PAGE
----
How to Write a Contract for a Photographer You Hire

How to Write a Contract for a Photographer You Hire

You’re booking out wedding clients left and right, and are loving capturing such a special and momentous day for your couples. However, you’re also quickly realizing that while your work is great, you can’t be in two places at once.

You want to deliver a wide variety of images to your couples, but you can’t both be far back and up close. You can’t be with both sets of prep at the same time. And you can’t both capture what’s happening as guests mingle during cocktail hour,and get all of the shots with your wedding party.

So, you’re looking to hire a second shooter. Someone who can come alongside you as part of your brand and help you deliver an even better experience for your couples. But, how do you do that legally?

Do You Need a Contract for a Second Shooter?

The simple answer is, yes absolutely. When money exchanges hands, you want to ensure that a contract is in place. Having a contract protects both you and your second shooter. And it helps you set necessary boundaries. While your second shooter isn’t an employee, they will be representing your brand, and you’ll want to protect that. 

How to Write a Contract for a Photographer You Hire

However, the contract that you give your second shooter will be very different from the contract that you give your clients. So, let’s go over what you may want to include in the contract with your second shooter.

Basics of a Contract

When it comes to writing a contract for a photographer you hire, you’ll want to ensure that you have your basics covered. Things like:

  • Parties - Who the contract involves, and their contact information.
  • Date and Duration - When the work is to take place, and for how long.
  • Scope of Work - Exactly what is included in the service, and the deliverables.
  • Fees and Payment Terms - What the payment terms look like, if there is a payment plan, and any additional fees that may occur.
  • Usage Rights and Copyright - Who owns the rights to the work, and how it can be used.
  • Cancellation and Rescheduling - The terms for canceling or rescheduling the service.
  • Governing Law and Jurisdiction - How disputes will be handled, should any arise.
  • Signatures - Signatures of all involved parties.

Once you have your basics in place, it’s time to think about clauses that would be specific to the needs of your business as you hire a second shooter.

Code of Conduct

You probably immediately thought back to the code of conduct that existed at the front of your middle school planner, or that piece of paper that your homeroom teacher passed out on the first day of school that immediately got crumbled up and subjected to the bottom of your backpack for the remainder of the year.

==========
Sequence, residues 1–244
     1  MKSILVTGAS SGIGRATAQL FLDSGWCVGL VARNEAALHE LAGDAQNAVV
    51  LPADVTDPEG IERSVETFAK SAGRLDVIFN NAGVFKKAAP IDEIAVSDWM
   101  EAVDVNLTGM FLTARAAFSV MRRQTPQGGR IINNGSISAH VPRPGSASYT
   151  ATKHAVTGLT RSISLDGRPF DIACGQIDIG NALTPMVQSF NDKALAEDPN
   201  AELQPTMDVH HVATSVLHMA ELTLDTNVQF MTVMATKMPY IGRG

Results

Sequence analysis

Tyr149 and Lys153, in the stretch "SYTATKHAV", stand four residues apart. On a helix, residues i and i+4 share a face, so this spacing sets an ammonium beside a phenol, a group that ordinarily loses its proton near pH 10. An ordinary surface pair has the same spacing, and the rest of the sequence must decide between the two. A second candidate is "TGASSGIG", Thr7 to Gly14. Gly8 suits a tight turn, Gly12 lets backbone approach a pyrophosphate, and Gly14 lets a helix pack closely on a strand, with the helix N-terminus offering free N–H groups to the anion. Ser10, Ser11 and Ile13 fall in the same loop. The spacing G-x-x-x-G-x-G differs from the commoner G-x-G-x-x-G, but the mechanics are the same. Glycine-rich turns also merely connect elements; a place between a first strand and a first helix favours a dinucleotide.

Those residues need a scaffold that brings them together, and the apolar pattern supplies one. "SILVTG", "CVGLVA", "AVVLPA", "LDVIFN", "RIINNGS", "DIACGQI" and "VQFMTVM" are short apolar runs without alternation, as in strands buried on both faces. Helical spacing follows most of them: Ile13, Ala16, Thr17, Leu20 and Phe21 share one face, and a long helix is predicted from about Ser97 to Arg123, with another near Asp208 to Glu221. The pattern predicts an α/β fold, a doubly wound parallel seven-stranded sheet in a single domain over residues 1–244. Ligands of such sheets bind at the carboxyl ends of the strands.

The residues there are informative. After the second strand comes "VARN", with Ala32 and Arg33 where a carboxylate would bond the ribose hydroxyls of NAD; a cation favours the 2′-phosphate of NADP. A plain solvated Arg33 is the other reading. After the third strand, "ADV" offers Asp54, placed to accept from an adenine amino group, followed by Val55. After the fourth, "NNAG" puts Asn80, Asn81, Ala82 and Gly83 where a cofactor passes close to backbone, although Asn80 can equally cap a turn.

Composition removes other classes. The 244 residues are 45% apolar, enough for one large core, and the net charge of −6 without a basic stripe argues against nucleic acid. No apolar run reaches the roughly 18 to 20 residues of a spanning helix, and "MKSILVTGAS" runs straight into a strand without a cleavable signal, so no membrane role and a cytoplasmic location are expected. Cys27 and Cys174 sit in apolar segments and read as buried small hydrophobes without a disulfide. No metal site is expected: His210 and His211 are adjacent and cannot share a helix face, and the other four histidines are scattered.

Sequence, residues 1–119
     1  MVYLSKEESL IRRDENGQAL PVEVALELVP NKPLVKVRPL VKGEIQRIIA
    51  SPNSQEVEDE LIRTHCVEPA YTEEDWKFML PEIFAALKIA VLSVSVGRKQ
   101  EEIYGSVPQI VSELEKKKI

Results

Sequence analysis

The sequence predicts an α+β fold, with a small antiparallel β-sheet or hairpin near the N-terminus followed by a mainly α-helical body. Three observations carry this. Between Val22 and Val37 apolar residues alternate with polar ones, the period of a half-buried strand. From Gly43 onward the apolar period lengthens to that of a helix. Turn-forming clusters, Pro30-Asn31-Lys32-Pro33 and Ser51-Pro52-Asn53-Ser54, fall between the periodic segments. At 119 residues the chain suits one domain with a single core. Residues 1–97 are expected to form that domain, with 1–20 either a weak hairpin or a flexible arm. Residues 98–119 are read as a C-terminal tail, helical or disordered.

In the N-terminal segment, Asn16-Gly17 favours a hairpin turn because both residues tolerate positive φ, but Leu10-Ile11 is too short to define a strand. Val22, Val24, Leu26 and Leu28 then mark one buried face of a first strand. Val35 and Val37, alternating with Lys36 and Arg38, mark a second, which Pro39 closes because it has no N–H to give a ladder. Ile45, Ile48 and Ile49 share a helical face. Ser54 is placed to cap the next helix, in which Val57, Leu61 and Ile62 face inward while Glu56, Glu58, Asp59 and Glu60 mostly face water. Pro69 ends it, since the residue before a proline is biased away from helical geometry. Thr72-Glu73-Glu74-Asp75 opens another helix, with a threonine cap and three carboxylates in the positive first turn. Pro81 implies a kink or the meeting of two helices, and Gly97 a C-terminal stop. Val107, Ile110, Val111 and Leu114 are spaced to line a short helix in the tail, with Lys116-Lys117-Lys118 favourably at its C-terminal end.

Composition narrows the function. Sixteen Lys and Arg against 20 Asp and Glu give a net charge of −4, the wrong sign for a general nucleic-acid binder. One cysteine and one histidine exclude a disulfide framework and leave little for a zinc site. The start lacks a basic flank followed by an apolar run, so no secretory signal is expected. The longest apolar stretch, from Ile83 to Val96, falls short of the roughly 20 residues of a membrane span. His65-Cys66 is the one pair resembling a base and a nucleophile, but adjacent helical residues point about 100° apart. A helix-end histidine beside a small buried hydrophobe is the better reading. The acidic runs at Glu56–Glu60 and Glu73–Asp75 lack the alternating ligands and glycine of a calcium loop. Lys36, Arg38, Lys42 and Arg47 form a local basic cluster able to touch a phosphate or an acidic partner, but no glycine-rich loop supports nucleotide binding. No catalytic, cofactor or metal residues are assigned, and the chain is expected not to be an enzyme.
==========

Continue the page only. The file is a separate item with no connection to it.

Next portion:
And you’re not wrong. For your second shooter contract, you’ll want to be sure that you provide specific details about what is considered appropriate behavior, and what isn’t. Just like your schools likely outlined for you, you’ll outline for them.


Do you have a dress code for weddings that you follow? Do you want your second shooter to dress similarly to you in order to put out a cohesive brand image? If so, you may want to include a clause about attire in your contract.

Delivery of Photos

If you want to be sure you can deliver your clients’ gallery on time, you’ll need the images from the second shooter in a timely manner. To ensure that there are no delays, spell out exactly when and how you want those images to be delivered to you. 

Copyright Information

When you hire a second shooter, who is going to own the copyright to the photos taken? You? Them? Your client? It might be worth your time to outline this clearly in your contract - as well as how the images can be used. That way there are no misunderstandings about the images in the future.

Cancellation Policy

If the second shooter needs to cancel, how do you expect them to do so? How much notice do you need, are they responsible for finding their replacement? All of these are things you should consider, and then clearly outline within your contract.


Another thing to consider when you write a contract for a photographer you hire is compensation. How will they be compensated for the job? What’s the timeline for payment? Will you pay one lump sum, or multiple? Is compensation dependent on delivery of images? You may want to include that as well.

You may feel like a new agreement for a second shooter is unnecessary, but in order to avoid problems in the future due to potential miscommunications, it’s better to have everything laid out in writing, with a signature from both of you! Curious about what other legal documents you might need as a photographer? Read that blog post next!

Amanda Warfield
Amanda Warfield

Amanda Warfield is a simplicity-focused content marketing and launch strategist, author of the book Chasing Simple Marketing, and host of Chasing Simple - a podcast to help creative entrepreneurs uncomplicate their marketing and business. She traded in her classroom lesson plans for speaking and educating creative entrepreneurs on sustainably fitting content marketing into their business, without it taking over their business - so that they have time to grow their business.

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